The Supreme Court of Canada ruled in favour of about 7,000 MTS pensioners Thursday afternoon, ending a 15-year saga over their pensions.
"Vindicated," was lead plaintiff Harry Restall's response when asked his reaction to the decision. "It's exciting and it's wonderful."
The often-bitter dispute centred on the disposition of a $43.3-million pension surplus that existed when the company transformed itself from a Crown corporation into a publicly traded corporation.
In January 2010, the Court of Queen's Bench ruled MTS had to repay that amount and interest dating back to 1997.
But in February, the Manitoba Court of Appeal overturned the lower-court ruling, saying there was no breach of an original memorandum of agreement.
Some estimates after Thursday's decision peg the new total, including interest, at $120 million.
With the ruling from the highest court in the land, MTS is now out of legal options.
"That's end of the road," said Brian Meronek, a partner at D'Arcy & Deacon LLP, who represented the pensioners.
He likened the lengthy dispute to a battle between David and Goliath.
"It was the little guys against the big guy. They wouldn't be pushed around," he said.
MTS said it was reviewing with outside advisers the implications of the ruling, which it described as "complex" and would require further negotiations with the plaintiffs before the definitive impacts on the company's pension plan and the company are known with certainty.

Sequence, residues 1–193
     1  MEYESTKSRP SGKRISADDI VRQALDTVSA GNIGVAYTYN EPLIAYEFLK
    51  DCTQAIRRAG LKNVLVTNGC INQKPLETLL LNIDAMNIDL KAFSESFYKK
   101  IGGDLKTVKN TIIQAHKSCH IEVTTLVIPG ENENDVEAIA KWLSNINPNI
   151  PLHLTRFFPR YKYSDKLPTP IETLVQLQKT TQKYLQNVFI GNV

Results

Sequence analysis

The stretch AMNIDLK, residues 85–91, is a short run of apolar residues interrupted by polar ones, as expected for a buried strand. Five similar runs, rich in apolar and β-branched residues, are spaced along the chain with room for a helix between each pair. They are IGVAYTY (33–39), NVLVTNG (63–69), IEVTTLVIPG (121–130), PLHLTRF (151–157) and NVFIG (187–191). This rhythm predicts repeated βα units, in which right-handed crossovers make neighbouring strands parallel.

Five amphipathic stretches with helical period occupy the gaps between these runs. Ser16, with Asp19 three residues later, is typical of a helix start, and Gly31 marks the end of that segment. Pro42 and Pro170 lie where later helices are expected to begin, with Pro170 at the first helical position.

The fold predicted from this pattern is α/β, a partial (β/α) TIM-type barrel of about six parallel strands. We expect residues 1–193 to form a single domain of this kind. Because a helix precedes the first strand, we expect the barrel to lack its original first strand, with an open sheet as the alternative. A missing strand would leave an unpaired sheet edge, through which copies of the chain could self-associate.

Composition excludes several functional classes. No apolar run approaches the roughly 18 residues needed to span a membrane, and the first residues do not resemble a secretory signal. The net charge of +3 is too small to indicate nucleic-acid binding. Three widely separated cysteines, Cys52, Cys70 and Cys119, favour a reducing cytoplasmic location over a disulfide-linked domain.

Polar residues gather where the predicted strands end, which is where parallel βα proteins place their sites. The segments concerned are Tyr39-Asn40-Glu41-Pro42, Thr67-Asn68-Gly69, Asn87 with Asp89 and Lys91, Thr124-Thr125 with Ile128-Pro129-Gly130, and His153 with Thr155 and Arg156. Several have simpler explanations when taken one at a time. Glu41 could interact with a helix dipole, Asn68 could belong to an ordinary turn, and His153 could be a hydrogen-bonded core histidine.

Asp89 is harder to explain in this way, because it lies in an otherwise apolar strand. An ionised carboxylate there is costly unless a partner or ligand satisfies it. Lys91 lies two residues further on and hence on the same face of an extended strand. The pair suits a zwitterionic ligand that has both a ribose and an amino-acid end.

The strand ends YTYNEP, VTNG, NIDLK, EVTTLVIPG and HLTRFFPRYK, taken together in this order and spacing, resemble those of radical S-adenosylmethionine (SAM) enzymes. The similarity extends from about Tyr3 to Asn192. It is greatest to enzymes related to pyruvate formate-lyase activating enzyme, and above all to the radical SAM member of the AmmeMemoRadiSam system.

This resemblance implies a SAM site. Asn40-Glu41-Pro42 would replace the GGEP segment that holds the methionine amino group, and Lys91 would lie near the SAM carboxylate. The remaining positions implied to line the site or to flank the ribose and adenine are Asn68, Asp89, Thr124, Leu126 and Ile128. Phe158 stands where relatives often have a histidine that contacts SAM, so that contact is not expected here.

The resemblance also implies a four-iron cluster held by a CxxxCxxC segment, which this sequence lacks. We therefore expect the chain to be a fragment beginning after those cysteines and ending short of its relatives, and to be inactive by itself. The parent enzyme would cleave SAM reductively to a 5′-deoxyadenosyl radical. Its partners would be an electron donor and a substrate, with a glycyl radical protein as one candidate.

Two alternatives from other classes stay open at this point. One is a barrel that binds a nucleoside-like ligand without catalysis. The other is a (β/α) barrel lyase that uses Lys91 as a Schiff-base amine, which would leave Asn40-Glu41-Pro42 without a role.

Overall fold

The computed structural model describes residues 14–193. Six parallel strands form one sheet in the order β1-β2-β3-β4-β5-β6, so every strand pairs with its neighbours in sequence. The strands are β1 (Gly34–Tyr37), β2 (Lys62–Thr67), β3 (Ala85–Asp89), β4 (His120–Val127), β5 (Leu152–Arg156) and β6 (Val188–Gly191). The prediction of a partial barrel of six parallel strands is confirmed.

Meanwhile, as a result of a recent equity financing and the company's strong cash flows, MTS "is expected to have sufficient liquidity to satisfy all its pension funding obligations" and to maintain its current credit rating.
"This is a very disappointing outcome, but we were prepared for this scenario and are confident that should we need to make additional pension payments this year, we can fully manage its financial impact while maintaining our long-term strategy for delivering shareholder value," said Wayne Demkey, chief financial officer at MTS Allstream.
The two sides will still have to sit across the table from each other as how the pension benefits will be distributed still needs to be determined.
Paul McKie, national representative for Unifor, the union representing the clerical and operator services at MTS, admitted some relief the ordeal is finally over.
"This has been a long fight," he said. "We're obviously unbelievably happy that the Supreme Court has upheld the lower court ruling and ruled that the pension surplus belongs to them and MTS wrongfully used it," he said.